The Broadway juggernaut “Hamilton” earned the Pulitzer Prize drama award Monday, as was widely expected. Lin-Manuel Miranda’s hip-hop musical about America’s Founding Fathers (particularly championing Alexander Hamilton) has been a phenomenon for more than a year, thanks to its fresh style and ebullient approach to history.
“Hamilton” was masterminded by writer-composer-star Miranda, the son of a New York political consultant and the writer-composer-star of the 2008 Broadway musical “In the Heights.” Miranda originally conceived the project as a hip-hop mix tape inspired by historian Ron Chernow’s 2004 biography of Alexander Hamilton. But the song he tried out at the White House in 2009 turned into the opening number for what has been the hottest ticket on Broadway since it opened at the Richard Rodgers Theatre in August. Miranda returned to the White House last month, this time with the full cast.
The Pulitzer Prize for music went to Henry Threadgill, 72, long regarded as one of the most significant and hard-to-categorize avant-garde jazz composers, for his recording “In for a Penny, In for a Pound,” the latest installment in his ongoing attempt — with his band, Zooid — to deconstruct jazz, melding improvisation and composition into a distinctive new whole.
The fiction winner was Viet Thanh Nguyen for his debut novel “The Sympathizer,” a cerebral thriller that opens during the panic of the fall of Saigon. It follows the life of a Viet Cong spy who has infiltrated the South Vietnamese army and flees to the United States with a high-ranking general. From there, the unnamed narrator continues to report back to his masters while living a double life in California. A new classic of war fiction, “The Sympathizer” comes to us as a long confession written and rewritten many times in an isolation cell.
Nguyen was 4 when his family fled the approaching North Vietnamese army and came to the United States, so that story reflects, to a certain degree, his own experiences as an immigrant. He teaches English and American Studies and Ethnicity at the University of Southern California.
The history prize went to T.J. Stiles for “Custer’s Trials: A Life on the Frontier of a New America,” while William Finnegan’s memoir “Barbarian Days: A Surfing Life” won in the biography/autobiography category. The poetry winner was Peter Balakian for “Ozone Journal.” “Custer’s Trials” was submitted in the biography/autobiography category, but was moved by the Pulitzer board to the history category.
Stiles’s book reclaims the infamous 19th-century general from the butt of jokes and shows what a complicated and talented, if doomed, man he really was. “Custer’s Trials” also captures the dramatic tension between the modern society that was quickly developing on the East Coast and the wild territory that still existed in the West. This year, Stiles told The Washington Post: “Custer is a well-worn subject, but the wear is extremely uneven — mostly on the western side of his story. I wanted to write about him as a man on a frontier in time, immersed in the greatest changes America has ever experienced. I also wanted to foreground the women in his life, who brought the great issues of the day into his household.”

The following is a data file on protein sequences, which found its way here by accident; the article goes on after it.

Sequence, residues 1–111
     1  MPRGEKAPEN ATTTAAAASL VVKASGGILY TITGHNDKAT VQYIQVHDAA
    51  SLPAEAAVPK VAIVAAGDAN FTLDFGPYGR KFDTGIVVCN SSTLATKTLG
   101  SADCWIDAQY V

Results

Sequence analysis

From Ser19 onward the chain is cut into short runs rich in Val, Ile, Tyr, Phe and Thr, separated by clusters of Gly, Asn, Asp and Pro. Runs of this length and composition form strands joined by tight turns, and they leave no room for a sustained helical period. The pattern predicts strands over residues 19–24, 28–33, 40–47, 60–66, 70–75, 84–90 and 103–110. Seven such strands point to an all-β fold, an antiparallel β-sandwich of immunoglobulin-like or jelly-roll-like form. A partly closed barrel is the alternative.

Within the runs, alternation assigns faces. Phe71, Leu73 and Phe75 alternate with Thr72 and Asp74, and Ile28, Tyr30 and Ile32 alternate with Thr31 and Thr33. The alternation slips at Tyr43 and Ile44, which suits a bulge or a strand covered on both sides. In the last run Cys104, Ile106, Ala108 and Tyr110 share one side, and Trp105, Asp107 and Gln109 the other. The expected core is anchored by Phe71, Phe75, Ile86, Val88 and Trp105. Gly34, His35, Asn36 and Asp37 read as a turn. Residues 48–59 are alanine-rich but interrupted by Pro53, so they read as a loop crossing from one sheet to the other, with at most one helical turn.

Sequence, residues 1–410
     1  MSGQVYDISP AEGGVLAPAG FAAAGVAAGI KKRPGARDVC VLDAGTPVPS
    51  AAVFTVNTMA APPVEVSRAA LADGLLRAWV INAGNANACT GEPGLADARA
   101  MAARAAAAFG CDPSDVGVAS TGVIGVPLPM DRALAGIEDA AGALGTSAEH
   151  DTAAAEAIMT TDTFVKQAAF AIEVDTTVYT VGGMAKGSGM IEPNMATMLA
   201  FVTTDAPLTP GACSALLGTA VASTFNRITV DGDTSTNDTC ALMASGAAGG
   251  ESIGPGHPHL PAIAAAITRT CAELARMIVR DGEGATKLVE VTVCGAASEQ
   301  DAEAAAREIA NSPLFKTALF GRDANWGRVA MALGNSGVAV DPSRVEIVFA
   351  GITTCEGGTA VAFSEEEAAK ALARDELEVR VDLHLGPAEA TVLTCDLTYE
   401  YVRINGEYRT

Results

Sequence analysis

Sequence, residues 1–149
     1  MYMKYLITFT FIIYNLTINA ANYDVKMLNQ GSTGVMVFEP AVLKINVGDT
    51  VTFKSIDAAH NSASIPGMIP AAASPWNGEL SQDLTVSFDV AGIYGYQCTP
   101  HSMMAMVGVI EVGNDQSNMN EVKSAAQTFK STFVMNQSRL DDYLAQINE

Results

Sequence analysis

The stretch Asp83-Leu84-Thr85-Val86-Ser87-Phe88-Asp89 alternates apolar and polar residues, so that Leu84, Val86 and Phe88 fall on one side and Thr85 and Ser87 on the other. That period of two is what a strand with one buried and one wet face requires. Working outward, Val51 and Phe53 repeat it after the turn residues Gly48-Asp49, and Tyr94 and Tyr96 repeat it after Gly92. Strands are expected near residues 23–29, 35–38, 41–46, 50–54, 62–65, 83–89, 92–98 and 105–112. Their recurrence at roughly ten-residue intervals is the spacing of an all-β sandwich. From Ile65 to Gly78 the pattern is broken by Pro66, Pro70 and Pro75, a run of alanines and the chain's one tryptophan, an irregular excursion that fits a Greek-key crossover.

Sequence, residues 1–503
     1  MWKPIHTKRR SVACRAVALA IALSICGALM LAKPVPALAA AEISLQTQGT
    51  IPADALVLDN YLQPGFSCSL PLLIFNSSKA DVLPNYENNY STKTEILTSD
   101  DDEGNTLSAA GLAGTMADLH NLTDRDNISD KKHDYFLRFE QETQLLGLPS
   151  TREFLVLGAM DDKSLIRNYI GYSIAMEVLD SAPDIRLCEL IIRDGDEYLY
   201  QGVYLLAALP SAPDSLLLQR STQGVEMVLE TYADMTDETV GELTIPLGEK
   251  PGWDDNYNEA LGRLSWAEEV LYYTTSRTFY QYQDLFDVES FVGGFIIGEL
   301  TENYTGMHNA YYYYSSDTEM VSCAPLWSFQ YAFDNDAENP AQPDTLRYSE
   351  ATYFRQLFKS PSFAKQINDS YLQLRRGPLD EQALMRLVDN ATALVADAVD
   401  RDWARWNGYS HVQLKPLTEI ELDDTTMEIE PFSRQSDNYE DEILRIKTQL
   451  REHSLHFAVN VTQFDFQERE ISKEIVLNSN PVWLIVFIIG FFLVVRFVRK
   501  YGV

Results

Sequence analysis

Monday’s win is Stiles’s second Pulitzer; he won the 2010 biography prize, along with a National Book Award, for “The First Tycoon,” about the life of Cornelius Vanderbilt.
“Hamilton” originally debuted at the Public Theater off-Broadway in January 2015, but despite immediate acclaim — or rather, because of the general confidence that the creators and producers had in the show — it did not rush to Broadway in time for last year’s Tony Awards. Monday’s Pulitzer win will likely inaugurate a whole new season of honors for Miranda, with the Tony nominations set for May 3 and “Hamilton” poised to dominate. The cast album has already won a Grammy, and last year Miranda was named a MacArthur fellow.
The revelation of “Hamilton” is how easily Miranda’s hip-hop rhymes work like a verse-driven Shakespearean history, and how profoundly audiences have responded to seeing performers of color portraying the country’s white founders. Miranda consulted with Chernow and aimed to keep his story respectably true to history, even as he rendered Cabinet battles involving Hamilton, George Washington, Thomas Jefferson as intensely rhymed rap showdowns.
“Lin-Manuel Miranda is showing us the way,” Post critic Peter Marks wrote when the Public’s production opened to critics. “Drawing on such varied influences as rap, pop, jazz and Broadway standards — and the vocabularies of Tupac Shakur, the Beatles and Gilbert and Sullivan — ‘Hamilton’ is as smart about music as it is about the American Revolution.”
Musicals have earned the Pulitzer numerous times since “Of Thee I Sing” in 1932, although once a decade seems to be the rate. The last musicals to win are “Next to Normal” (2010), “Rent” (1996), “Sunday in the Park With George” (1985) and “A Chorus Line” (1976). About every 10 years, and three times in the 1960s, the Pulitzer board has declined to bestow the drama prize at all.
In a statement, Miranda said: “To be the 9th musical to ever win the Pulitzer Prize for Drama in its almost 100 year history is truly humbling for all of us.”
Ron Charles and Anne Midgette contributed to this report.